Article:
Hitchhiking as a woman can be easier though. Often, women stop for other women or girls. Even families (or other usual-not-hitch-hiker-friendly car owners) stop to "save" women from a situation in which they think she could be in "danger".

Read more at the Hitchwiki page on Female Hitchhikers.

Top tips for safety

(Anti) Social tips

  • Think positive and you will attract positive.
  • If you doubt about the ride offered, turn it down.
  • You can also check if the doors open from the inside by pretending not to have closed the door properly.
  • Note the vehicle's registration number, or at least the make, model, and colour, etc. You could then SMS this to a friend. You can pretend calling your mum and saying car type, color and licence number aloud. This makes driver believe he is under surveillance.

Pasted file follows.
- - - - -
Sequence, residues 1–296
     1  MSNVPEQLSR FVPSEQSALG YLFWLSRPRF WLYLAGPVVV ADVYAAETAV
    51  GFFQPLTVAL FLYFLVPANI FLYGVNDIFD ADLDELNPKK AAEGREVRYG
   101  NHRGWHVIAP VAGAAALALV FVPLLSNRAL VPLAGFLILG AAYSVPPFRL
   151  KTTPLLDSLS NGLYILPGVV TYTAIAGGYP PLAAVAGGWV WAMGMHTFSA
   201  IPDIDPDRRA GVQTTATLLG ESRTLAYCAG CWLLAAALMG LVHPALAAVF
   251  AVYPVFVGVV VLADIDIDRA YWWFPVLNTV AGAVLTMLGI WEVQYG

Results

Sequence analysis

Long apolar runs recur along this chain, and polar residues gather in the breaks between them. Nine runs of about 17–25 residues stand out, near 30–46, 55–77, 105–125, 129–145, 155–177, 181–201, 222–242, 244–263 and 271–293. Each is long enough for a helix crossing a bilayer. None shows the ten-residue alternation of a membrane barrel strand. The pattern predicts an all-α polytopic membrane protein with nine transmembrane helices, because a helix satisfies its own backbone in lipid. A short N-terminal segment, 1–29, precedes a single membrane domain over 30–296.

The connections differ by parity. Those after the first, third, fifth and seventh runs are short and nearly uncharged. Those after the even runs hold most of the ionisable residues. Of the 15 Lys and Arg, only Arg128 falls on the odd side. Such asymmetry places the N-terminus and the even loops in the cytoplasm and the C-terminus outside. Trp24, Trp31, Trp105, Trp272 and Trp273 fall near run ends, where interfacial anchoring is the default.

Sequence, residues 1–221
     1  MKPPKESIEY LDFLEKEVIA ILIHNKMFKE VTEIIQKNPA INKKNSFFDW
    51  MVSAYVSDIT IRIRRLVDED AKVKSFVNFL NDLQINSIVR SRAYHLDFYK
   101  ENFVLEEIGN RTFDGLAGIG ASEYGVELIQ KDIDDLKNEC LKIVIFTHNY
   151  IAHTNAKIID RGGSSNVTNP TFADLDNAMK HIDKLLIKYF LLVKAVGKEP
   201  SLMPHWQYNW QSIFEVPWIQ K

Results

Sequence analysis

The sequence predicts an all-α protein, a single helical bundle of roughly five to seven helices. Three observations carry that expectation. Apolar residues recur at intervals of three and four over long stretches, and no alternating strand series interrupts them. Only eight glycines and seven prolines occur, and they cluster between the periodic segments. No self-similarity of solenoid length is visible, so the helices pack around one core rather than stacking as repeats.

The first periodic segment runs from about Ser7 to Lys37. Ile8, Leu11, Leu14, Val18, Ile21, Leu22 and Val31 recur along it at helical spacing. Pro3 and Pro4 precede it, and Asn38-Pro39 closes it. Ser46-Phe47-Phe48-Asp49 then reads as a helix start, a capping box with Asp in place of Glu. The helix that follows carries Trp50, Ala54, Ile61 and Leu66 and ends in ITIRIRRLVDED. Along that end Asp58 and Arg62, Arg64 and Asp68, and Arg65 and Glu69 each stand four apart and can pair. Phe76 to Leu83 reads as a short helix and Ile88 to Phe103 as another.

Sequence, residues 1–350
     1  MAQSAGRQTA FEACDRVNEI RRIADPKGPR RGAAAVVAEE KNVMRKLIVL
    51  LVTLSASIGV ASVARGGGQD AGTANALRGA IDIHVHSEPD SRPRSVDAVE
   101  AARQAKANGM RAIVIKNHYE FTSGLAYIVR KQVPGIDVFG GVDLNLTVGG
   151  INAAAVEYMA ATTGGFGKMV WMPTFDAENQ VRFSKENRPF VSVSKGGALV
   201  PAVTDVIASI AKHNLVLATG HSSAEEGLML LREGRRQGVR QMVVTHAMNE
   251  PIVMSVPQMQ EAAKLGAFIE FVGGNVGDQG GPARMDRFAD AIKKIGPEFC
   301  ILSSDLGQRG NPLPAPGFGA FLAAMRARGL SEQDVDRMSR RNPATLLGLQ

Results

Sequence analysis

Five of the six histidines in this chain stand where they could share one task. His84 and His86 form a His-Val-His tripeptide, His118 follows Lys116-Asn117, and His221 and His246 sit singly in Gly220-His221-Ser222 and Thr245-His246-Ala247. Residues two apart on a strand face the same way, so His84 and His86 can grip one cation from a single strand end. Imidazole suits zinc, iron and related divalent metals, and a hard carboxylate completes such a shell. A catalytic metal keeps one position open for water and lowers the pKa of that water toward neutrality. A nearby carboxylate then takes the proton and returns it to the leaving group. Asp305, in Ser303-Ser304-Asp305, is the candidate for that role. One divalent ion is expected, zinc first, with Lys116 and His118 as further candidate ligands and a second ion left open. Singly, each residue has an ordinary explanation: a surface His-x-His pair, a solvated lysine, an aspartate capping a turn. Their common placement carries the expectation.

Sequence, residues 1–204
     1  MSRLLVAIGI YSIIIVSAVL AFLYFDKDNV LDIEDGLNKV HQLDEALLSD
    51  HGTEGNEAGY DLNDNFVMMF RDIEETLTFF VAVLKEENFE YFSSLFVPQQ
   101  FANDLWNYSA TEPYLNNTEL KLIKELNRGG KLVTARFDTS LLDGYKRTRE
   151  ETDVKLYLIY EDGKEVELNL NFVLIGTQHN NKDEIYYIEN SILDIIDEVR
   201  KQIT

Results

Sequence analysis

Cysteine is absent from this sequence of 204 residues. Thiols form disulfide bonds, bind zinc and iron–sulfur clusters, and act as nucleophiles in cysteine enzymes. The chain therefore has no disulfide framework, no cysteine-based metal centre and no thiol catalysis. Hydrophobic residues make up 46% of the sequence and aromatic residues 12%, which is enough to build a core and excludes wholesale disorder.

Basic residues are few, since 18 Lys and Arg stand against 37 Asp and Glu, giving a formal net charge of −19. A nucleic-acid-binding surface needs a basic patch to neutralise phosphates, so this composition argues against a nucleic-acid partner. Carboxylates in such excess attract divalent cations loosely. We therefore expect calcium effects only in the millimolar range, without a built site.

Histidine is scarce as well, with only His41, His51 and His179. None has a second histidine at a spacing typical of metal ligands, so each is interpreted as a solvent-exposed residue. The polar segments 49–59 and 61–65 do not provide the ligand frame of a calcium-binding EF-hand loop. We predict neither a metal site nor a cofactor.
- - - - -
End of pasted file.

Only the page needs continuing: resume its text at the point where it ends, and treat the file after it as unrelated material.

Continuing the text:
• It's probably safest to not go with more than one guy in the car.
  • It's better to sit in the front of the vehicle.
  • If getting in a truck or car driving long-distance, maybe to where you want to go, including sleeping in the truck with the driver. Never tell yes to go all way from the beginning. Say you are going to visit a friend in a city on the way and then when you get a feeling of safety with the driver tell him that you will visit your friend some other time and go all the way now.
  • If there are other houses or people in sight, you can wave to them or pretend to say goodbye to a friend. The driver will think that somebody has seen you getting into their car.
  • Always trust your instincts. Don't panic!
  • Keep up a good conversation with the driver. See etiquette.
  • Hitchhike with someone you know. On hitchhike forums (such as at the CS group, or Jayride for NZ you can find other hitchhikers.